A look at attitudes toward the EU among non-white British people — a third, that is, around a million people, of whom voted to leave — complicates this picture. For some of them, voting for Brexit was not so much an expression of racism but rather its opposite: a rejection of the EU as a bloc that many of them saw as racist. In particular some saw freedom of movement as a kind of discrimination against them in favor of Europeans — anyone from Bulgaria, for example, had a right to settle in the UK, whereas many non-white British citizens were unable to bring their own family members from back home to come and live with them.

Two-thirds of non-white British people who turned out on June 23, 2016, did vote to remain — a higher proportion than the population as a whole. But it is clear that they tended to identify even less with the EU, and the idea of Europe, than white British people did. There are multiple reasons for this: the way that, historically, “European” meant “white”; the sense that continental Europe (especially central and eastern Europe) was more hostile to non-white people than Britain was; and the perception that the EU had done little — certainly much less than the UK had — to protect them from racial discrimination.

More recently, much attention has focused on the desperate measures by the Conservative government to “stop the boats” — that is, prevent asylum seekers from reaching the UK — which it is tempting to see as confirmation that Brexit was a far-right project all along. But such extreme measures against asylum seekers are part of a Europe-wide trend rather than a specifically British one. In this, there is little difference between the approach of so-called “populists” and that of centrists. For example, the British government’s plan to send asylum seekers to Rwanda was pioneered by the Social Democratic government in Denmark.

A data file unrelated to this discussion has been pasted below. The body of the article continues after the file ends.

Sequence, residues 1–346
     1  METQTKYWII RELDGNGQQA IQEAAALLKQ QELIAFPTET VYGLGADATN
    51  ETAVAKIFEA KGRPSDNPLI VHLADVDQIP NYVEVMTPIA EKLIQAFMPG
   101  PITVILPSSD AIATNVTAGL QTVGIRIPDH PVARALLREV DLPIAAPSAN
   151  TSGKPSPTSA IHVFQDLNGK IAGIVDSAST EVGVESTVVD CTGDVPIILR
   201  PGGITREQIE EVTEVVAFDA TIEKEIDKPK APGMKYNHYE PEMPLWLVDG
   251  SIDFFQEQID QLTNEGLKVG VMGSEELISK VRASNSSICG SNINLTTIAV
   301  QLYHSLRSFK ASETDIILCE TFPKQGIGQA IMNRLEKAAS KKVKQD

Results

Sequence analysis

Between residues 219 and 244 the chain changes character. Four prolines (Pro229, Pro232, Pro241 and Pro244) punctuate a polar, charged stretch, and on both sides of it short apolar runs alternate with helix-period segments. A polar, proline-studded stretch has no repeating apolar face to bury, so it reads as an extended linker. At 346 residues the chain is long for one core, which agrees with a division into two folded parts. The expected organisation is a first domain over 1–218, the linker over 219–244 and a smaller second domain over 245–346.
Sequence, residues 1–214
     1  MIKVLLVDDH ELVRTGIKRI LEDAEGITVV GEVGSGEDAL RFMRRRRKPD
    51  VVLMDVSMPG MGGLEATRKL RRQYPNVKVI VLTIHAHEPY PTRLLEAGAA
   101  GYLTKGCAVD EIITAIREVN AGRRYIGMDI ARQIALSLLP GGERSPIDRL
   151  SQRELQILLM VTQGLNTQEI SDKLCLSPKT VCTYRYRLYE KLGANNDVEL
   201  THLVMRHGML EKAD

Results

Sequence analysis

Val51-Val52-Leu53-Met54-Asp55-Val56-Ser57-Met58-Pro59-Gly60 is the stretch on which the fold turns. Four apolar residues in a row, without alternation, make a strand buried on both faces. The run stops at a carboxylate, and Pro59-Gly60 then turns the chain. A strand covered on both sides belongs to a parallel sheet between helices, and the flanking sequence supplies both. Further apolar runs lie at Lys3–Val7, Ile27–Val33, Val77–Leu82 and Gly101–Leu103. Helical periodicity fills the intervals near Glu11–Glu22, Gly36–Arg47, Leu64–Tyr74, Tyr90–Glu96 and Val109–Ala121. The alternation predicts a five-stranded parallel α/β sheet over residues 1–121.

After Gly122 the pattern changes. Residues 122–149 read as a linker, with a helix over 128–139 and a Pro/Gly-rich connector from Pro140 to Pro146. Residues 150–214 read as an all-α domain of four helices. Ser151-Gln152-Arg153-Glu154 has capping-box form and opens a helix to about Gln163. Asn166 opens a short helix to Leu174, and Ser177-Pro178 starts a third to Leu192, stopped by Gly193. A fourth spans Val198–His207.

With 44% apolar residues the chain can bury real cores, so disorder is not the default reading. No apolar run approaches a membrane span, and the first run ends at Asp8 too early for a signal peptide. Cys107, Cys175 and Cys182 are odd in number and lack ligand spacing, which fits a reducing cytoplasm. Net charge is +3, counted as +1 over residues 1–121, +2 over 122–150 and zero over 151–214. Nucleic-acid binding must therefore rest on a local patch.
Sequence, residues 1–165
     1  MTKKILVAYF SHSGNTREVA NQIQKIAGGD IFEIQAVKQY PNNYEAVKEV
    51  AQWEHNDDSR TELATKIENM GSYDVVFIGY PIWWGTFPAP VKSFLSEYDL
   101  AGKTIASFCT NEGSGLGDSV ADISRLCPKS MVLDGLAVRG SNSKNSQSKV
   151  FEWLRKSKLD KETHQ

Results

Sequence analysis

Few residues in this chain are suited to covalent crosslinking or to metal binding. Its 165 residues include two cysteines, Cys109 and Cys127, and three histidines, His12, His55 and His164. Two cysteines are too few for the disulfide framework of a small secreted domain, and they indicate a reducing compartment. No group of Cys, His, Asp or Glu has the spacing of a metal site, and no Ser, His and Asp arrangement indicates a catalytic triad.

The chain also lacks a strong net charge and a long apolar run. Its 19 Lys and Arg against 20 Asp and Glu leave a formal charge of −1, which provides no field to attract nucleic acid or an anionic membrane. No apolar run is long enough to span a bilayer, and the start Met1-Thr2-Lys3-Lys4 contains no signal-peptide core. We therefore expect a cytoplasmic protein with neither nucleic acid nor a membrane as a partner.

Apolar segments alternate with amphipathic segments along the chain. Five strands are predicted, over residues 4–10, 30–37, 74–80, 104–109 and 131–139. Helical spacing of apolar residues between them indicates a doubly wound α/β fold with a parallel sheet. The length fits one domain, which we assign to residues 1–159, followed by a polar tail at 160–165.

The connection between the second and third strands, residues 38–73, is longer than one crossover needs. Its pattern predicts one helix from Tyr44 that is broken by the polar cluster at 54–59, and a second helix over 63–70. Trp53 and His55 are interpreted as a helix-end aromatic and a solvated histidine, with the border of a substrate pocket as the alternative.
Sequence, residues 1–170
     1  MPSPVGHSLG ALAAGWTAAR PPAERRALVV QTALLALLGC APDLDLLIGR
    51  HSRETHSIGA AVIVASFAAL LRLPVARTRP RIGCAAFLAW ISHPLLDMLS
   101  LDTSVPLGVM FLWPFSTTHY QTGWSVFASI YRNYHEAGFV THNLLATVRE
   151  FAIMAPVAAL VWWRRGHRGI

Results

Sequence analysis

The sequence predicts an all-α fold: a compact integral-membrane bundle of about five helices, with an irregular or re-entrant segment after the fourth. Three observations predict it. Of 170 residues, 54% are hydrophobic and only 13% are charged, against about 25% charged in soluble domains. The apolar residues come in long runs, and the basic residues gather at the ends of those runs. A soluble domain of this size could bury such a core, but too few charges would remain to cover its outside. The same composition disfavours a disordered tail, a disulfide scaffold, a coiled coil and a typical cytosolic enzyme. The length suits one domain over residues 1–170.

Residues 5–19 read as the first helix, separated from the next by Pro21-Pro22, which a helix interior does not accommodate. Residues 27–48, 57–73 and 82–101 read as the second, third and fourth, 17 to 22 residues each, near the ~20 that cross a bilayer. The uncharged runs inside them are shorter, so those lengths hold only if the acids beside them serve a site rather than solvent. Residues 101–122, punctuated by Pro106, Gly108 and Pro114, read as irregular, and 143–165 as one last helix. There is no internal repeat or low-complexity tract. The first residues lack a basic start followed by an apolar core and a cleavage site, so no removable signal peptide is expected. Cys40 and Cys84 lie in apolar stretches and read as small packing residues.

Moreover, whatever the intentions of those who campaigned for it and voted for it, Brexit has not led to an overall decrease in immigration at all but rather a dramatic increase. It is true that the number of EU citizens living in the UK under the principle of freedom of movement has fallen. But there has been a huge increase in non-EU immigration — in particular from former British colonies like India and Nigeria. These developments raise the question of whether, after Brexit, the UK will actually become a more multicultural and multiracial society than it ever was during nearly five decades in the EU and its predecessor, the European Communities.

Nationalism and Regionalism

The identification of the decision to leave the EU with the far right is a function of two related tendencies that are widespread in Europe but also exist in the United States, particularly among progressives. First, the tendency to idealize the EU as a cosmopolitan, post-national project, which is thus incompatible with, and even the antithesis of, far-right ideas. Second, a tendency to reject all nationalisms as a wholly negative force in international politics rather than distinguishing between different versions of this phenomenon.